Falklands veteran from West Yorkshire suffered in silence for 40 years with PTSD which left him with three failed marriages and estranged from his five adult children
Ever since he left the forces in 1996 due to a back injury, Harry Boota has been short-tempered, withdrawn, has three failed marriages behind him, countless relationships in between and is estranged from his five grown-up children aged between 22 and 38.
Mr Boota, 66, of Bradford, says he is unable to deal with relationships and struggled to adapt to civilian life after his service – notably in the Falklands War.
He says he was “left on the shelf” and it was only three years ago that he tried to seek help. Prior to that, he said he was in denial and didn’t think there was anything wrong with him.
His story comes as a new study looks at why so many people with mental health problems suffer alone without seeking help.
Now, new research shared exclusively with The Yorkshire Post reveals the reasons vary from community to community.
The study by the international non-profit Surgo Ventures, funded partly by the UK government, involved a survey of more than 17,000 people across all parts of the country.
Reasons for not seeking help varied depending on the towns or cities people lived in.
For instance, concerns about the financial costs of mental illness were more common in the Home Counties, while people in Yorkshire were more likely to dislike opening up about feelings.
In Yorkshire and Humber, 44 per cent met the threshold that warranted further clinical assessment for depression or anxiety.
Local figures for this were 42 per cent for South Yorkshire and Bassetlaw ICS, 44 per cent for Humber, Coast and Vale ICS, 45 per cent for West Yorkshire and Harrogate (Health and Care Partnership) – both of which are above the national average. For all organisations “Dislike of talking about my feelings, emotions or thoughts” were cited as the main reason why people were discouraged from seeking help.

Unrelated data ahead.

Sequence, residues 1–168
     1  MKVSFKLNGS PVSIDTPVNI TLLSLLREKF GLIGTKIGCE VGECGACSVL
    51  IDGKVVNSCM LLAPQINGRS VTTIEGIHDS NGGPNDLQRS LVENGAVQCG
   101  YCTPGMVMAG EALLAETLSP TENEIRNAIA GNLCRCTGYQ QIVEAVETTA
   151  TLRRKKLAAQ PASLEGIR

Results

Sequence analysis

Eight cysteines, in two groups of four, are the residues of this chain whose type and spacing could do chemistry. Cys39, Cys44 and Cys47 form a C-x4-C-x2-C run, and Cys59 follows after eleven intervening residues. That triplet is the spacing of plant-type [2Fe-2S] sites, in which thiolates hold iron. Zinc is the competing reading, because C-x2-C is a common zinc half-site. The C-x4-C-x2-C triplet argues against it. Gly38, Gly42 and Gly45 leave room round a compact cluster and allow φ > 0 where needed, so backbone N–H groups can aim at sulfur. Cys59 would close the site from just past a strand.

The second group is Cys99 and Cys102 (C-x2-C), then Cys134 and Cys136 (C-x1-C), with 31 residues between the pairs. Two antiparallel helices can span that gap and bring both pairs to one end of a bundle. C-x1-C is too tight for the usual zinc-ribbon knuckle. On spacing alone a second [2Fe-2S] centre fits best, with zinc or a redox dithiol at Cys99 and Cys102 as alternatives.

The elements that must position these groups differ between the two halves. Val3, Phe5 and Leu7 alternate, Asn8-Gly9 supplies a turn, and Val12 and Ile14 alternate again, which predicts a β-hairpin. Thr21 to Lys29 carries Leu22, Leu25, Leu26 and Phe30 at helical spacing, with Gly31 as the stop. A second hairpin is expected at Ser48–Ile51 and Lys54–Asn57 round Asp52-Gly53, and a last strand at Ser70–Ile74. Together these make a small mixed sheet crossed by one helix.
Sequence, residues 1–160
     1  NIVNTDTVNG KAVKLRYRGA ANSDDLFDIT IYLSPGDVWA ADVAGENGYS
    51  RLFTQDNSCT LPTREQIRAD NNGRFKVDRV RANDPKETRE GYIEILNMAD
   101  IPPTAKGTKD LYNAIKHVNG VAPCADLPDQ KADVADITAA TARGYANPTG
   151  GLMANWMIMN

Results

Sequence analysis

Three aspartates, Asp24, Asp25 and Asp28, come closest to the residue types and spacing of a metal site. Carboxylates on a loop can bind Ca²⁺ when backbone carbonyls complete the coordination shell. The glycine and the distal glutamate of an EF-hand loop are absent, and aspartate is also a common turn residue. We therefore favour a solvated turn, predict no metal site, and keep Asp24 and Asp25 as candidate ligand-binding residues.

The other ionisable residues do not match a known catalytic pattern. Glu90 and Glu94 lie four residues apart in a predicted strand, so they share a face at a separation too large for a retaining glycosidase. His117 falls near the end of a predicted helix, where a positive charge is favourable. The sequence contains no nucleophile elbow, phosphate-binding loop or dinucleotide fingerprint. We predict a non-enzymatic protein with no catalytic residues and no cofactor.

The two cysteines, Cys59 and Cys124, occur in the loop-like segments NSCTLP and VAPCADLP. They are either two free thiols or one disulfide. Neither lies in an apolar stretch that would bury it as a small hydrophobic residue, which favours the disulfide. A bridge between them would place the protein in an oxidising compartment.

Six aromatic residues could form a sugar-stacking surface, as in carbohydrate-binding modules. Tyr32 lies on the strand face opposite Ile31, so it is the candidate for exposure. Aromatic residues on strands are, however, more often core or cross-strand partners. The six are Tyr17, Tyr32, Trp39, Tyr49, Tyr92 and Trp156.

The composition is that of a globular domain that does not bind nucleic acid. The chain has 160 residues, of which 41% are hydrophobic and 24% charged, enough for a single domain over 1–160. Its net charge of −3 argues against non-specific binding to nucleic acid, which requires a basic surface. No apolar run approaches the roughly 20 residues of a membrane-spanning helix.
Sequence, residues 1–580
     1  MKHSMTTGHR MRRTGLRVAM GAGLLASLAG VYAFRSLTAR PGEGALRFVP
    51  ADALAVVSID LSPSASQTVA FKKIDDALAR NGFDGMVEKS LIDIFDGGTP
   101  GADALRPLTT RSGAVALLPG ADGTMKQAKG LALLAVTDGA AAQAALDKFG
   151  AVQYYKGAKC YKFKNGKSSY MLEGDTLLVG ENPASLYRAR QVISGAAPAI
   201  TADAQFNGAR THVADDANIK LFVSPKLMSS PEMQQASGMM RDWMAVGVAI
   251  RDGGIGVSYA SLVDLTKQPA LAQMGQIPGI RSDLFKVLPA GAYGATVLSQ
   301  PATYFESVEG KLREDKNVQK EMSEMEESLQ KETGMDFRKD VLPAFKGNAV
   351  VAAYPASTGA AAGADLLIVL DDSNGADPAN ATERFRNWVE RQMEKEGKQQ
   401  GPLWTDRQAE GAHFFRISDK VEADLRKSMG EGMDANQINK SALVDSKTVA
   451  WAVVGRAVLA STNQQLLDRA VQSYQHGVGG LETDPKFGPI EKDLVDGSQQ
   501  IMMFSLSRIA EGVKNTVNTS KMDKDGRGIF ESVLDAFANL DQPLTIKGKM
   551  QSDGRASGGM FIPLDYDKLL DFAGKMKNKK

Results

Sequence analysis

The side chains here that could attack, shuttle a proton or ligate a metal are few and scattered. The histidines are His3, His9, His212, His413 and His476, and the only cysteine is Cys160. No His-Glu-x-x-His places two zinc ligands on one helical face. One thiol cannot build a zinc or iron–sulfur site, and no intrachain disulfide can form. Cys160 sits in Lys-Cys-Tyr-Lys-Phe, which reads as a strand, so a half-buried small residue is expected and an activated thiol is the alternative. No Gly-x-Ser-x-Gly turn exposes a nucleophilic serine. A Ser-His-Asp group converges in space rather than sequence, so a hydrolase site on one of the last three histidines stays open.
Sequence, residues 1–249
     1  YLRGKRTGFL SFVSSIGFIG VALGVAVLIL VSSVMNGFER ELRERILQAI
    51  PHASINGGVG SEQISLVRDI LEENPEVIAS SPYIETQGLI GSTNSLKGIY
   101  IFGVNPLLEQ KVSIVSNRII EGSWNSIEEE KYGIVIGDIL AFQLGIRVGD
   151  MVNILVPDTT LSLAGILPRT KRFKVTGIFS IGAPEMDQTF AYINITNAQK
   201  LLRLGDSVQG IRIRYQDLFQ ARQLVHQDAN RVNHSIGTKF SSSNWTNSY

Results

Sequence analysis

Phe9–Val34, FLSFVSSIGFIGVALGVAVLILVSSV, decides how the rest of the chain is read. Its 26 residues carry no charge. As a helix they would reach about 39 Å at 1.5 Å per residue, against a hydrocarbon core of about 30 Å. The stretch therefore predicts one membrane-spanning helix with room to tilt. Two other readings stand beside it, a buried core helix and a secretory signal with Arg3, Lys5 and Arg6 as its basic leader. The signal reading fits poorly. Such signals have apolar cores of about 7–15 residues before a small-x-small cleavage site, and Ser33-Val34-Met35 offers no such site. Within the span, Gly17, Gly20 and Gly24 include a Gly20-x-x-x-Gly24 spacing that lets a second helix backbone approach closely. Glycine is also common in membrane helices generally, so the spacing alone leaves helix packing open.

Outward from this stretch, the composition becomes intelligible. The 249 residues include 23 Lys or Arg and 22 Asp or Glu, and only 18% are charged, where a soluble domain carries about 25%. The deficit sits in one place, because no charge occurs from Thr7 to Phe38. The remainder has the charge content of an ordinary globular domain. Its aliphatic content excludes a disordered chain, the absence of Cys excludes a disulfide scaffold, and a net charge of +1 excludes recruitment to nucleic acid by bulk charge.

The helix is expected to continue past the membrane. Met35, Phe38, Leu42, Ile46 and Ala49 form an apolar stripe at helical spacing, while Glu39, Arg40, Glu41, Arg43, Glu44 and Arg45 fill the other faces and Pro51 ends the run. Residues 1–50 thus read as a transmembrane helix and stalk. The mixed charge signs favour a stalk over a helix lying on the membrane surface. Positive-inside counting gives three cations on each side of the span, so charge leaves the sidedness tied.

This rings true with Mr Boota, who says to most of his friends he is “happy Harry” with only very few people knowing how much pain he is in – both mentally and physically.
He injured his back during service and has been on painkillers for the last 26 years, which he says exacerbated his mental health struggles that had gone unaddressed until a friend, who had also served in the Falklands, told him about the PTSD Resolution charity.
He said: “I did not know there was something wrong with me. For the last 40 years I shut it all down. I was in denial, I tried to be normal – it was only when a doctor put a label on it.
“If help had been there 40 years ago it would have saved my first marriage, I still look at my first wife and miss her. She was beautiful, everything a man could ask for and I just walked away from her.
“Remembrance Sunday is a breakdown, you are withdrawn, I try and go out but I can’t confide in too many friends because they don’t understand.”
However, he says while counselling does not make the problems go away it is “helping somewhat” to give him the tools to manage and cope.
Surgo Ventures’ CEO and co-founder, Dr Sema K Sgaier, said: “The fact that one in five people would suffer silently with mental health difficulties is a shocking reflection of barriers to mental health care in the UK.
“What also stood out was how widely the reasons varied from community to community. Health leaders who want to encourage people to seek care will need to pursue tailored, hyper-local strategies for it to work. And our data can help provide these leaders with a roadmap on what to do in their communities.”
A spokesperson for the Department for Health and Social Care said: “We will be launching a national conversation to inform the development of a new long term Mental Health Strategy later this year.
“This kind of research will help inform what actions we should take to ensure people who need support can, and do, access it. Mental health services are there for those who need them, so if you need support or are concerned about someone else, please reach out for help.”